However, commissioners noted that HR needs must still be met and there was discussion of how to do that.

Commissioner Garry Gamble said he is comfortable hiring Springsted to assist in hiring an administrator. He said the biggest risk in not working with the consultant was not having the talented pool of applicants that Springsted has on file.

Commissioner Frank Moe asked how helpful Springsted had been in the previous hiring. Commissioner Heidi Doo-Kirk said very helpful. She pointed out that there were 28 applicants in the last hiring process. Gamble noted that Unmacht was familiar with many candidates and gave recommendations that helped narrow the field.

Commissioners spent some time with Springsted’s Unmacht on the phone, asking what he thought it would cost the county to have him recruit, screen and assist with interviews. He said it could cost about $5,000, but would likely not go over $10,000. He said a typical search costs about $15,000.

Unmacht suggested the county make its decision one step at a time. He suggested hiring his firm to recruit county administrator applicants at an expense not to exceed $3,000. Unmacht said, “Then, when we have applicants, we can decide if you want to proceed.”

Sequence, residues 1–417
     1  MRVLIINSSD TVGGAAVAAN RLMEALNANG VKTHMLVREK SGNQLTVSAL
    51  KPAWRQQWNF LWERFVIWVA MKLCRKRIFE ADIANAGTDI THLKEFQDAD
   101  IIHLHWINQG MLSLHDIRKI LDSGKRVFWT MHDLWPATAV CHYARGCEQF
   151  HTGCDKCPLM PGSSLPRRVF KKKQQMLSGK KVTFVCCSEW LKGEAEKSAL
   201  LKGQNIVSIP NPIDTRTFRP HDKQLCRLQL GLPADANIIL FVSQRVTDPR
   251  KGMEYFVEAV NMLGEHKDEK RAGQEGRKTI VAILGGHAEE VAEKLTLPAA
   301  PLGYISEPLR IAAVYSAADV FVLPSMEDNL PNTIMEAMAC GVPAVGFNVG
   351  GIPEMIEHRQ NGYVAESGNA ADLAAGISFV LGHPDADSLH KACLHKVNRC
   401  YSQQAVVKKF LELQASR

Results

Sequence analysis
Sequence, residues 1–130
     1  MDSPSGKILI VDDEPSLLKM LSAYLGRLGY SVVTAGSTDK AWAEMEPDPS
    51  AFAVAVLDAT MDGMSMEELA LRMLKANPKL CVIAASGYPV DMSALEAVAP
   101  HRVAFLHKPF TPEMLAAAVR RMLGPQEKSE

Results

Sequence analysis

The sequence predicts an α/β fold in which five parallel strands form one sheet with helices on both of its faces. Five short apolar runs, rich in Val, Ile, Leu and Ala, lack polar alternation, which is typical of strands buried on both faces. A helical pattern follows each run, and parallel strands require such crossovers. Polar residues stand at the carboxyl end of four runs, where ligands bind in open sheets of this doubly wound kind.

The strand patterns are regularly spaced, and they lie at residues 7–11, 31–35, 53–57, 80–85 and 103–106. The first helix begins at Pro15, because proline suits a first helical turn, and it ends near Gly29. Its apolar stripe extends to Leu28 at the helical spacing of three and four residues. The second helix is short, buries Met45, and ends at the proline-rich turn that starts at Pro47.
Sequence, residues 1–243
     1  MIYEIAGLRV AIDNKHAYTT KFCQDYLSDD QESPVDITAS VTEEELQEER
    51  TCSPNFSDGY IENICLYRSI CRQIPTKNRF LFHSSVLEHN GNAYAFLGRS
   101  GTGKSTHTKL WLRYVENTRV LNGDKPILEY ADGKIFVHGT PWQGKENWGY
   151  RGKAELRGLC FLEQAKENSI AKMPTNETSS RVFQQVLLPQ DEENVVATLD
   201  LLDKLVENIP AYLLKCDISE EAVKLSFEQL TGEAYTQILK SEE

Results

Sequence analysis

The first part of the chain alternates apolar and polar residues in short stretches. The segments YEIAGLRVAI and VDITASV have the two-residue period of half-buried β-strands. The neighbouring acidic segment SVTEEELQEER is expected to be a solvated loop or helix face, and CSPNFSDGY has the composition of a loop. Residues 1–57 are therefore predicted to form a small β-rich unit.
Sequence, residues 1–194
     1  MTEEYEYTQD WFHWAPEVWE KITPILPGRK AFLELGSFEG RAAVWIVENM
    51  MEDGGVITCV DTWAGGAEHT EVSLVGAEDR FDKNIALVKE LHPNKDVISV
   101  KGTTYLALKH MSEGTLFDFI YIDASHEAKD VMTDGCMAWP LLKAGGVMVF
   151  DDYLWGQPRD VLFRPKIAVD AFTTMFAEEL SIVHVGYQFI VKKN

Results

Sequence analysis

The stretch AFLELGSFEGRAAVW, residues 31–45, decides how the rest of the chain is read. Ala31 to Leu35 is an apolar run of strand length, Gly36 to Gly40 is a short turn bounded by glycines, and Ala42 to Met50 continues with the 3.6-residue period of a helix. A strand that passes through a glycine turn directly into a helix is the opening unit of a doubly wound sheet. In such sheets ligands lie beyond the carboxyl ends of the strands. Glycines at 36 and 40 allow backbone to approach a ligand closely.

Moe noted that one of the primary concerns he has heard from his east end constituents is spending—in particular spending on consultants.

Grand Marais City Council to accept grants for more work toward district heating project

Mon, 01/26/2015 - 1:49pm

On Wednesday, January 14, the new Grand Marais City Council voted to accept two grants of $50,000 each that will be used to fund the next steps of a proposed district heating project.

Arvis Thompson attended the meeting to express some concerns she had with the project and asked several questions, as did council members. Most of the questions centered on what kind of commitment (financial or otherwise) the city would be getting itself into once the funds are accepted, and the risk involved to the taxpayers.

Councilor Tim Kennedy, who is knowledgeable with the proposal through his work as the city’s liaison with the Cook County Local Energy Project (CCLEP), said the portions of the project to be funded with the grants (which includes seeking customer contracts, bidding out expenses and seeking financing through state bonding or other sources) are necessary to make a determination of whether the city has a project.

Kennedy said, “We need to know if we have the customers out there to support paying for this proposal. If we do, then we move on.”

The timeline calls for signed contracts to be procured by mid-March.